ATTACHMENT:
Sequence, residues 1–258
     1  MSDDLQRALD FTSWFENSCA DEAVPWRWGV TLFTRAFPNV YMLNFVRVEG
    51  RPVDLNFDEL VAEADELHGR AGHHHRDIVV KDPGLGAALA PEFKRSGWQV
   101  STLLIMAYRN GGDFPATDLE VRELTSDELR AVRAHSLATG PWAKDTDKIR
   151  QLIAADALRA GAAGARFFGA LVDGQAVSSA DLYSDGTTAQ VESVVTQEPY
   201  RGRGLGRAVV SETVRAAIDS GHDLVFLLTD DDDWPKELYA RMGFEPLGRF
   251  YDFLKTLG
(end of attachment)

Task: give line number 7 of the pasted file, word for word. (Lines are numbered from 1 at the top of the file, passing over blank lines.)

   251  YDFLKTLG